I answered the same question over on another forum but will add something here because of the different responses/perspectives.
I primarily model scale passenger cars i.e. 21" versions or GGD cars, which are slightly shorter, as are the Lionel Superliners. With a standard set of 6 - 8 cars, you could spend a lot of time and $ in fully populating a complete train. My sets are primarily from the streamliner era when you could expect a fairly full train.
However, you are constrained in numbers partly because of the lack of availability and variety in passenger figures that readily fit in O scale interiors, which are actually sub-scale and closer to S scale than true O. MTH Railking figures and the old K-Line figures (some of which are now issued by Lionel) are the best if you don't want to have to perform radical plastic surgery on the figures.
Partly as a result of that, I have only fully populated certain special feature cars on which I am making a lot of modifications anyway. Most recently, I have worked on the UP dome lounge observation car that is part of the Excursion Train set. Spoiler Alert - my interiors are basically fantasy schemes with only some fidelity to the prototypes, as in a nod in the direction of nostalgia. To compare T. Albers' fine K-Line dome car with what I have done, here is the dome section:
I had to add both ceiling and floor lighting to the dome because the Lionel cars come without any. All the table accessories are "quarter scale" 3D printed items of which there is a vast amount for diorama or dollhouse creators.
The Excursion car domes are prototypical with very large curved glass panels. This makes life a lot easier than older domes because of extra headroom. In contrast to the above, in an earlier 21" Lionel dome car with a conventional framed glass roof I put in fewer people both in the dome and below and again added lighting. Bear in mind that these Lionel cars come without any passengers:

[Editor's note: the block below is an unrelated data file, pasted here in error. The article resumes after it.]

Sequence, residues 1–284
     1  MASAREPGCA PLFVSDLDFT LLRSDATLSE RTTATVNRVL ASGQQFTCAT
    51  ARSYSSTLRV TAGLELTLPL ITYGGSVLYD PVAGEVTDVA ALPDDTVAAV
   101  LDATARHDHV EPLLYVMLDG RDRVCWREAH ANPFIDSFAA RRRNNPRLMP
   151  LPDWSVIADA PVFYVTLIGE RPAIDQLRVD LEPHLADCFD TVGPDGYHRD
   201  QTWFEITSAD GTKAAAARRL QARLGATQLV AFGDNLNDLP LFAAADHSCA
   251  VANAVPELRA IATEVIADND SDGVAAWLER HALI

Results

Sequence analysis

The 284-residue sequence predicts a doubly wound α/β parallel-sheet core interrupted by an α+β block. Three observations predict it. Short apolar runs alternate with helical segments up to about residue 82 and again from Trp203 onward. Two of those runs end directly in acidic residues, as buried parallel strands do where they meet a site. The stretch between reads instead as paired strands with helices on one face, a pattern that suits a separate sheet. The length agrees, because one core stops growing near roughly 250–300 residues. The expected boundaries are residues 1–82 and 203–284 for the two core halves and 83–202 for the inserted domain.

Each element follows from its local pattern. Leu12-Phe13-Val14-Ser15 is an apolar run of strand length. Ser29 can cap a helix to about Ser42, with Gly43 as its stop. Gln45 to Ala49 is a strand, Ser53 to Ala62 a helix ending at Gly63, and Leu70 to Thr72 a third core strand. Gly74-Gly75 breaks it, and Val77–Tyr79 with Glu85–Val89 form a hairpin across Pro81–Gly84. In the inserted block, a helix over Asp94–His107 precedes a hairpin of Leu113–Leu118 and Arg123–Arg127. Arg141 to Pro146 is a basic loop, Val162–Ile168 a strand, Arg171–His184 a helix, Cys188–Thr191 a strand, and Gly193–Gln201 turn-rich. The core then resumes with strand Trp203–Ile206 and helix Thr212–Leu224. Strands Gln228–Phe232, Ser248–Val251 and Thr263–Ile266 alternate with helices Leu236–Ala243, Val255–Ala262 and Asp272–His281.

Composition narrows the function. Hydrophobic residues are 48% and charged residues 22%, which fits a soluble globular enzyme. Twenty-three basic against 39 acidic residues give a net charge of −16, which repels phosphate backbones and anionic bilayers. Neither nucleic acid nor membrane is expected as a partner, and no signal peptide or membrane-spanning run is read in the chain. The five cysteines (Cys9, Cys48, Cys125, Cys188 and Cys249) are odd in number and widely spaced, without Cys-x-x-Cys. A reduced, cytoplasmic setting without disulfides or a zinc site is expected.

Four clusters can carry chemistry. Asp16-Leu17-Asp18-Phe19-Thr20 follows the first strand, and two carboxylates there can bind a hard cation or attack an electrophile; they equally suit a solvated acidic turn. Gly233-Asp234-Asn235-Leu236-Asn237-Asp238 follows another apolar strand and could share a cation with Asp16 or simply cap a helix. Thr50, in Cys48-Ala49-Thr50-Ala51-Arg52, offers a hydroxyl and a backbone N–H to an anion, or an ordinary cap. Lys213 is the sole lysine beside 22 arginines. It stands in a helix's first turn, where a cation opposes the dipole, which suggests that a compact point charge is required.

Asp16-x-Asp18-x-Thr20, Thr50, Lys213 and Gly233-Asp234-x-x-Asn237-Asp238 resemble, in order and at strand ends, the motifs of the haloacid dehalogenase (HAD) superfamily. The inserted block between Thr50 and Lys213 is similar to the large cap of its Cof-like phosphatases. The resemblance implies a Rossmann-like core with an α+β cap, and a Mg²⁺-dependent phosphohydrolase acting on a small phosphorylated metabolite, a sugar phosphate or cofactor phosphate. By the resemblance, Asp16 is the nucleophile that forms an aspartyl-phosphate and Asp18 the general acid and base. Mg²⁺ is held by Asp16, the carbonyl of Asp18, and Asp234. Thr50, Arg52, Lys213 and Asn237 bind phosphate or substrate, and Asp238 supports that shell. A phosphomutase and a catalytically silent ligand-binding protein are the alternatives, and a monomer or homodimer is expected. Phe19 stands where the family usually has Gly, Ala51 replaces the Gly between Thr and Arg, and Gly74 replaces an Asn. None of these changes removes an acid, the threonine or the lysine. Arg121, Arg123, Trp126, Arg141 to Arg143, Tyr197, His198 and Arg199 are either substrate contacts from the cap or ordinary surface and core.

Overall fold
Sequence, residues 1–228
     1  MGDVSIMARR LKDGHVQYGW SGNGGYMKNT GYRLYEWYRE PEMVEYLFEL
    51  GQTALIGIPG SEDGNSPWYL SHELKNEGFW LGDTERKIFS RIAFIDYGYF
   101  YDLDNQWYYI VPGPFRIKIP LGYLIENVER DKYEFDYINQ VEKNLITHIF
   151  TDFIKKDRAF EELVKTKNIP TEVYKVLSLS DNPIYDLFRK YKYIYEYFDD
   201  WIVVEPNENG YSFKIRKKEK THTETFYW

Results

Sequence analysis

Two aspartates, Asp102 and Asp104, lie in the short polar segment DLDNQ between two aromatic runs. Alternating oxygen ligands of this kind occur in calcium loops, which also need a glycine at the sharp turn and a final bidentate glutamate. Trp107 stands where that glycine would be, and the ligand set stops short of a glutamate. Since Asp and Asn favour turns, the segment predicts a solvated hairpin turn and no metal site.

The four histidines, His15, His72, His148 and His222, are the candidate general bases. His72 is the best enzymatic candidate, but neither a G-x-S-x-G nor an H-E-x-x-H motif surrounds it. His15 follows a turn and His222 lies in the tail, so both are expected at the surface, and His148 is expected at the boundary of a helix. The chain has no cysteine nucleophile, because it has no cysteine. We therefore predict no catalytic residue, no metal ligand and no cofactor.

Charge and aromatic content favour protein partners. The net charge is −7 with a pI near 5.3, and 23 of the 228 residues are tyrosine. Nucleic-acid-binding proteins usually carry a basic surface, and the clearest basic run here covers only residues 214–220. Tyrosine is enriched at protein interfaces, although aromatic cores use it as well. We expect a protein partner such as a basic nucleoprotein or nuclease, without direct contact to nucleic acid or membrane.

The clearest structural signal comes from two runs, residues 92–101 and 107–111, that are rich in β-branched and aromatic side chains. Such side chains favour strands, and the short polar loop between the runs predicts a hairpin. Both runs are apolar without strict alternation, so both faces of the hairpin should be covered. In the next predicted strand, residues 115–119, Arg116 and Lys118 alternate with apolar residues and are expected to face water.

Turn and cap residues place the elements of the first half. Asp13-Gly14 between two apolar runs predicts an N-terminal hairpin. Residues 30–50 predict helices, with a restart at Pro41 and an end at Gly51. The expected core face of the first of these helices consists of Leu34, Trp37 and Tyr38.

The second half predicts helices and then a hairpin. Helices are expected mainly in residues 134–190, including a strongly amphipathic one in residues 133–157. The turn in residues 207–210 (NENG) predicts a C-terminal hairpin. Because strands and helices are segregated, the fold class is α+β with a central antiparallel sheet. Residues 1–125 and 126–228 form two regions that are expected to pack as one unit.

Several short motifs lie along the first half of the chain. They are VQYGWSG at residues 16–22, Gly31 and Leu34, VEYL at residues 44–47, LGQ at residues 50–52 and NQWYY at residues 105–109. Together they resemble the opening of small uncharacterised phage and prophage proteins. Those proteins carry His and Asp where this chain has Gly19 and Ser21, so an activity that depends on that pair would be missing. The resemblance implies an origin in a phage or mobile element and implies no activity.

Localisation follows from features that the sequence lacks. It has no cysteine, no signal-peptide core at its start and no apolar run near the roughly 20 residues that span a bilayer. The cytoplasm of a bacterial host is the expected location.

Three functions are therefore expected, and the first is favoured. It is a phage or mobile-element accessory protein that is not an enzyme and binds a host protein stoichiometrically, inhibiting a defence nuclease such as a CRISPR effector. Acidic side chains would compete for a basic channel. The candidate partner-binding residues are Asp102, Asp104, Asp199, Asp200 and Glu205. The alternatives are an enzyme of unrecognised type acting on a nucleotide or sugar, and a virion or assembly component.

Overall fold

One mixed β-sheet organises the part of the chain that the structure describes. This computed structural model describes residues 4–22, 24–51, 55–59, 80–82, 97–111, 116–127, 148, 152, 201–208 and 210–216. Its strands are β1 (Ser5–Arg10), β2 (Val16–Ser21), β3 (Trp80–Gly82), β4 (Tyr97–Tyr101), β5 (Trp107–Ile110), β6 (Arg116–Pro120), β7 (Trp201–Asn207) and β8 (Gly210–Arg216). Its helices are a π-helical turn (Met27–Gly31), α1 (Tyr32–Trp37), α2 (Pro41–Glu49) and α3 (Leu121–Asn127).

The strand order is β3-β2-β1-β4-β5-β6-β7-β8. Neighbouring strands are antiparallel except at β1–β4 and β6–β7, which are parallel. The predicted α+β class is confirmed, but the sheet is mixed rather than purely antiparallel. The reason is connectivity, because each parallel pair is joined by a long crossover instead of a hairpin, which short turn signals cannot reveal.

The area of this car that is under the dome is a lounge. I did not modify the seating and only put a couple of passengers in, who are placed squarely in the side windows. Putting in more passengers was surplus to requirements because they would not be seen through the windows on either side of the car. Otherwise, as this is an MKT Texas Special car, I added a totally whimsical "we're not in Kansas any more" theme, based loosely on the fact that poster art was a feature of most long-distance streamliners of the era:
But this is not what I consider a feature car; reverting to the UP dome lounge observation car, which is, I went overboard in populating the observation compartment, mostly with excursion passengers who are on a party/picnic outing:
To do what I considered justice to the prototypical features of this compartment, which include the curved seating and the several wood coffee stands, I had to rummage through several different sets of passenger figures. A few are S scale Artistta figures, which are made out of metal. I pretty much exhausted the entire range of "personalities" that are available in this one section.
However, this is not my most populated feature car. That possibly dubious honor goes to a Lionel 21" aluminum dining car, the Sam Houston from Lionel's Texas Special set. Here I modified the dining compartment from the original and prototypical 36 seater to 30 and put in over 30 diners, drinkers and stewards with the idea of having one of them visible in every window:
My favorite vignette of anything I have built to date is in another car of this train and was created by accident when a female passenger fell over in the course of being glued upright. I decided that she could stay tipped over as well as tipsy:
All this is a long way from the idealized passengers of railroad advertising of the time, which is illustrated by this poster for the GM Train of Tomorrow:
But a certain amount of artistic license was permissible then and I have followed suit.